Maratha quota case
To understand the complexities involved in the case, a little background is necessary.
In 2018, Maharashtra passed the Socially and Educationally Backward Classes Act which provided 16% reservations to the Maratha community. This effectively raised the total percentage of quotas in the state from the existing 52% of public jobs and education seats to 68%.
The law was immediately challenged before the Bombay High Court. In 2019, the High Court upheld the law but, based on the recommendations of the State Backward Class Commission, reduced the Maratha quota to 12% in employment and 13% in education.
The High Court held that the quotas satisfied the criteria of “extraordinary circumstances” the Supreme Court had carved out in its 1992 judgement. In Indra Sawhney vs Union of India in 1992, the Supreme Court had held that quotas should ordinarily be restricted to 50% but exceptions are possible if extraordinary circumstances could be established.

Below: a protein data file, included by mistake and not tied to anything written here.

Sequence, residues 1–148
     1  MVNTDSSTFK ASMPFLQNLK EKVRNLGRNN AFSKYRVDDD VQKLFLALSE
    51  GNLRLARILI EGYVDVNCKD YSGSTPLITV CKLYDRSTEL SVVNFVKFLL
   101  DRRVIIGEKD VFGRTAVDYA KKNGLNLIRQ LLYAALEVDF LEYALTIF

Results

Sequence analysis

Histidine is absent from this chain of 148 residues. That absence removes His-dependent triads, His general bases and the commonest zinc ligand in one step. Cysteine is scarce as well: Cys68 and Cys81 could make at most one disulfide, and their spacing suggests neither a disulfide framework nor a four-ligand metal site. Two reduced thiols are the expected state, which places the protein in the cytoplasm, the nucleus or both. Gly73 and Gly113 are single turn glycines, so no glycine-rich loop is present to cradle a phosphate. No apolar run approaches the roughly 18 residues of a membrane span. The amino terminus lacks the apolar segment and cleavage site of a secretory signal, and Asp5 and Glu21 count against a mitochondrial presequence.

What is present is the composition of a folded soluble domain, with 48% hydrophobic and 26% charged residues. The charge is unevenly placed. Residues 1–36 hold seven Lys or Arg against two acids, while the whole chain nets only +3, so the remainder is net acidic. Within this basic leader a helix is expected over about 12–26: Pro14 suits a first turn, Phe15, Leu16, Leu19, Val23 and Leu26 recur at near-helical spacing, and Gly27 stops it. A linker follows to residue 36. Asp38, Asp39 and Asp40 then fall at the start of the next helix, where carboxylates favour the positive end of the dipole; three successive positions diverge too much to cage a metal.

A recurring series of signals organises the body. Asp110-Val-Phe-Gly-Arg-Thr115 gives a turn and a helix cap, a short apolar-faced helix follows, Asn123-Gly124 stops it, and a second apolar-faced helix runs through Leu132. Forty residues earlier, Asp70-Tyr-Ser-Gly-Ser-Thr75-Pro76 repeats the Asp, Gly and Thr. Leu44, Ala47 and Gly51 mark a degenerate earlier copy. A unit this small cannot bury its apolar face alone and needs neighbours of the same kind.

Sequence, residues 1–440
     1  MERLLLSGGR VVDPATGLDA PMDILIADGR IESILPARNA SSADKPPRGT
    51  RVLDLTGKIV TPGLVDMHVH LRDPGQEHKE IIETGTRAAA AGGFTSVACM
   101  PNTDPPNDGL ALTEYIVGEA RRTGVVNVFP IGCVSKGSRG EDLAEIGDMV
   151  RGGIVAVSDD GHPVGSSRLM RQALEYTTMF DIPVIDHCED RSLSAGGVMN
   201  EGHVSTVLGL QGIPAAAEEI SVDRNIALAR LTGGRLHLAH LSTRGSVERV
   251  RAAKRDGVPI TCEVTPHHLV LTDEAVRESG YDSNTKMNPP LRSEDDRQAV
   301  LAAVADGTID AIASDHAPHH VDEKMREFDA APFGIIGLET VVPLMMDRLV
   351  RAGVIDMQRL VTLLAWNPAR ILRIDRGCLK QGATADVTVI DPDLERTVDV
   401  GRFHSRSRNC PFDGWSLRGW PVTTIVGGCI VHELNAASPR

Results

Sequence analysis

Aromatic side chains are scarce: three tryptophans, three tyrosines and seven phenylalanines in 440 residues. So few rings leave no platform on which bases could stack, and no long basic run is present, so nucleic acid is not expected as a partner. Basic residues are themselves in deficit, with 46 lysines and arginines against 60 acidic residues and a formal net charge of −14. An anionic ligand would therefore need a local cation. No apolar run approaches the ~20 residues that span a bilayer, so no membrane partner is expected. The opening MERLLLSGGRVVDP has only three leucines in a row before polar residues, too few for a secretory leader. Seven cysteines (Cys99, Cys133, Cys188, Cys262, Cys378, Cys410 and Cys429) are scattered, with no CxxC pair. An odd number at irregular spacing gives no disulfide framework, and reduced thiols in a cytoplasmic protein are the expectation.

The High Court judgement was challenged in the Supreme Court by several petitions.
Last year, a three-judge bench of the court, after recording that it did not prima facie agree with the High Court’s reasoning, placed the matter before the chief justice for further orders. This led to the formation of a five-judge Constitution bench.
On March 8, the Constitution bench said it would hear detailed arguments on six questions. Of these, three related to the Indra Sawhney case. First was whether the judgement needed a revisit in light of subsequent constitutional amendments, judgements and changed social dynamics. Second was whether the breach of the 50% quota limit by Maharashtra for the Maratha quota is covered under exceptional circumstances. The third was whether the state backward classes commission report Maharashtra relied on for the quota established such extraordinary circumstances.
Rights of states